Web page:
people always talk about doing this but i dont entirley understand how you do it or what it looks like. Also who are some pros who do this?
This is a good question for Roger.
Charles, getting the hip going early in the context of the question could be clouded by semantics. People describe things differently and understand them differently. Most high level pitchers do get the hips moving early. Getting the hips /c.o.m. going early is all about the time the pitcher actually starts moving his body forwards to the target while leading with his hip. It is also critical to maintain good posture, that in part can be described as keeping the weight balanced over the center of mass or staying stacked over the center while moving out and into footstrike quickly. There are obviously many more issues that make up a good delivery. In short what this does is create momentum/energy into footstrike which should create more energy that will ultimately be transferred to the ball. Its all about “timing” as a well as the ability to maintain “posture” while moving, much much more could be said Ill leave that for Roger. He describes this very well. One sign that is a pretty good indicater is seeing when the pitcher starts moving his body forward in relationship to where his stride leg knee is at that time. If you watch closely you will see that many pitchers are moving out before the knee reaches its apex. .
This is more easily explained from the stretch position - simply push your hips sideways towards home plate sooner than you currently do. For example, many pitchers don’t start their hips forward until their knee has reached the apex of their knee lift. This is because they’ve been taught to “stay back” and “get to the balance point”. In these cases, I suggest starting the hips while the knee is on it’s way up just before it peaks. This adjustment will feel awkward so you have to stick with it and give it a chance. You might find it beneficial to bend the knees a bit more than you normally do. It’s also important to not sacrifice your knee lift. If you get your hips going sooner and you maintain your same knee lift, your stride leg will be forced to be quicker to get out front into foot strike. This helps build more momentum and lets you put more into your throw using your body.
There are a number of drills you can do to practice this including the towel drill and the cross-over drill. To do the “cross-over” drill, start in the stretch position. Cross the front foot over in front of the back foot making sure the front foot heel is touching the ground. Bend the knees a bit and go from that position. This puts you in a position where your hips are already out ahead of the rest of your body. The head and shoulders need to be slightly behind the front hip into foot strike but they should otherwise stay as upright as possible.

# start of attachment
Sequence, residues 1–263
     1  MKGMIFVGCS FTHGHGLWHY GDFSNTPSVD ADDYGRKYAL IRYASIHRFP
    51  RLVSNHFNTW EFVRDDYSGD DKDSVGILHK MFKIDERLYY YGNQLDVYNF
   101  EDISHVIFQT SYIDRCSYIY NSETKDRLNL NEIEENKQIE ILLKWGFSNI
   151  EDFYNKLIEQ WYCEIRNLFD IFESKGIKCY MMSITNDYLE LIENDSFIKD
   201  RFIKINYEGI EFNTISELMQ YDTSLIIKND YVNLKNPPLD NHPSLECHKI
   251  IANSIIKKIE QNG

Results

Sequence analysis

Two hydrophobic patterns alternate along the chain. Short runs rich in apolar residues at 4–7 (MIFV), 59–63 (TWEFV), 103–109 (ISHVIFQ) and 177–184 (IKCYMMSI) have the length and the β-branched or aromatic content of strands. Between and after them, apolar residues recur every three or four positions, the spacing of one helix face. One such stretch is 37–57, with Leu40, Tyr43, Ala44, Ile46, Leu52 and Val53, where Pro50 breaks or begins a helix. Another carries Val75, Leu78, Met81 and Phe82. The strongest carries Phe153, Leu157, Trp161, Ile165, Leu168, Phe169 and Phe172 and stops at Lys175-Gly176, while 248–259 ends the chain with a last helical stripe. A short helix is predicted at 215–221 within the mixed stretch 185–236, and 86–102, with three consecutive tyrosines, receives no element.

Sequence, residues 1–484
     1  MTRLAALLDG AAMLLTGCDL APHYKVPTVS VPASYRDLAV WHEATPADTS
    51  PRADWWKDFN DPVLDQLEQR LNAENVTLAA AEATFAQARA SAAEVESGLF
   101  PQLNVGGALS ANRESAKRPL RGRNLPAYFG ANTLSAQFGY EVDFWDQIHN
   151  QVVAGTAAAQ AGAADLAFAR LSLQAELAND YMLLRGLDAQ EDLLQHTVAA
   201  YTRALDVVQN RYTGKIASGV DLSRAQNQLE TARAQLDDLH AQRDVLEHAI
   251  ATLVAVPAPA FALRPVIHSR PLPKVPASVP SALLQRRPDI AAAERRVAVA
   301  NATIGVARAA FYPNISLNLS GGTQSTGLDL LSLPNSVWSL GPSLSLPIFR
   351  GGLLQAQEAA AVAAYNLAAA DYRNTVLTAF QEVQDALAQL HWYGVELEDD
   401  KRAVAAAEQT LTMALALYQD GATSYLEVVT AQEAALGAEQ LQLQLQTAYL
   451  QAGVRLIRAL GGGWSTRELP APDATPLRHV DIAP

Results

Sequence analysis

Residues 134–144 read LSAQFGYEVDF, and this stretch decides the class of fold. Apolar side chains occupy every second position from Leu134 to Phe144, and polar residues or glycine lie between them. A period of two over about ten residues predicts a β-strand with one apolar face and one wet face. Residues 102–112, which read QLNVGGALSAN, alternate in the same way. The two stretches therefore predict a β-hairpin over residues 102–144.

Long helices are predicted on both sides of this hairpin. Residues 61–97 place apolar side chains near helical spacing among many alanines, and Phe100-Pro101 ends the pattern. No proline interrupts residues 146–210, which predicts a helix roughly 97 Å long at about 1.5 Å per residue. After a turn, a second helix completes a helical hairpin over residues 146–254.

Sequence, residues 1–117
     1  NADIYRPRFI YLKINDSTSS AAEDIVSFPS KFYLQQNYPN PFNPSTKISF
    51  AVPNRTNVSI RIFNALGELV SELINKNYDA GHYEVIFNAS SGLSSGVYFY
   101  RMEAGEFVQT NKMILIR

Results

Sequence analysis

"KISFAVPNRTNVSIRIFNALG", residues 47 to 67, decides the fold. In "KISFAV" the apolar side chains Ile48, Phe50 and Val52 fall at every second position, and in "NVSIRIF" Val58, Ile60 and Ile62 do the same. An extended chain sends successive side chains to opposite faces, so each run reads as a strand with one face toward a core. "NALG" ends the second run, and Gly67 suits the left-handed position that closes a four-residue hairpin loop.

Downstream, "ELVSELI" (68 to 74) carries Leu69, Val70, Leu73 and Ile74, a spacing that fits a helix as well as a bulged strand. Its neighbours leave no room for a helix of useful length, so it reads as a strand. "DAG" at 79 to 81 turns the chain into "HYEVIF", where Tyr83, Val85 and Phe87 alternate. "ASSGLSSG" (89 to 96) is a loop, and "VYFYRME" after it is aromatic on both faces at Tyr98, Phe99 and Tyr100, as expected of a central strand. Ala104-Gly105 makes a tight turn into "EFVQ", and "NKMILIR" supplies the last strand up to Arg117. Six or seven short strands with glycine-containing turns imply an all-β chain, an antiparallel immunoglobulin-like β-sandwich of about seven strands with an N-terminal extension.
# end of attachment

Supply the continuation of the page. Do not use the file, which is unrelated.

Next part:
I’ve seen pitchers who have been working with the NPA actually start their hips forward before their knee lift starts (i.e. before their stride foot lifts off the ground). These guys have very nice mechanics. But that’s probably too big of an adjustment to start with. Especially because it does take some functional strength in the lower body and core to perform this in an optimal manner.
From the wind-up, it’s a little more complicated - you want to keep the hips moving toward the target starting from the point of first forward movement. Nolan Ryan is a great example of this. He stepped back and then once he started forward, his hips never stopped. A lot of pitchers will slow down or even stop the forward movement of their hips as they rotate into the closed position to place their pivot foot against the rubber and lift their knee. Ryan kept moving forward through all of this.
EDIT: Chin, looks like we were typing our posts at the same time - yours wasn’t posted when I started mine. But it looks like we hit on all the same points. 8)
is this what its suppose to look like?
Yes, that is a pretty good example from the wind-up. That pitcher steps back and then once he steps forward, the hips never stop going forward - not even when he turns and lifts his knee.
Here are 2 very good examples.
Closed side view of Nolan Ryan from the windup.
Open side view of Billy Wagner from the stretch.
Here are some more good examples:
i think the best exemple would be randy johnson. I’ve seen i’m throw and it’s really easy to notice
You can see this in most great pitchers (e.g. Ryan and Schlling).
Also, this is the one place where pitchers definitely push off with their PAS foot. In this case, they push off with the side of their PAS foot in order to get their COM moving toward the plate.